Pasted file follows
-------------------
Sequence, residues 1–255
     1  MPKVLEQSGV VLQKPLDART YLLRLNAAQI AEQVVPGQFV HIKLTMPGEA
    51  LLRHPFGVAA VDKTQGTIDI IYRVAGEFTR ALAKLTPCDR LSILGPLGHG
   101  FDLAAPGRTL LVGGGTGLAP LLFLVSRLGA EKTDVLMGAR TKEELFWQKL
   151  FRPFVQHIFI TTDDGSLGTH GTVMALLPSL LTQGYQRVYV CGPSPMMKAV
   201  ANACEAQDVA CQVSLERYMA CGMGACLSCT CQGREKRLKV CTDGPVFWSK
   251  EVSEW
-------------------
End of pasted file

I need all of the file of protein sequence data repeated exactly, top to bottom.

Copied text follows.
Sequence, residues 1–255
     1  MPKVLEQSGV VLQKPLDART YLLRLNAAQI AEQVVPGQFV HIKLTMPGEA
    51  LLRHPFGVAA VDKTQGTIDI IYRVAGEFTR ALAKLTPCDR LSILGPLGHG
   101  FDLAAPGRTL LVGGGTGLAP LLFLVSRLGA EKTDVLMGAR TKEELFWQKL
   151  FRPFVQHIFI TTDDGSLGTH GTVMALLPSL LTQGYQRVYV CGPSPMMKAV
   201  ANACEAQDVA CQVSLERYMA CGMGACLSCT CQGREKRLKV CTDGPVFWSK
   251  EVSEW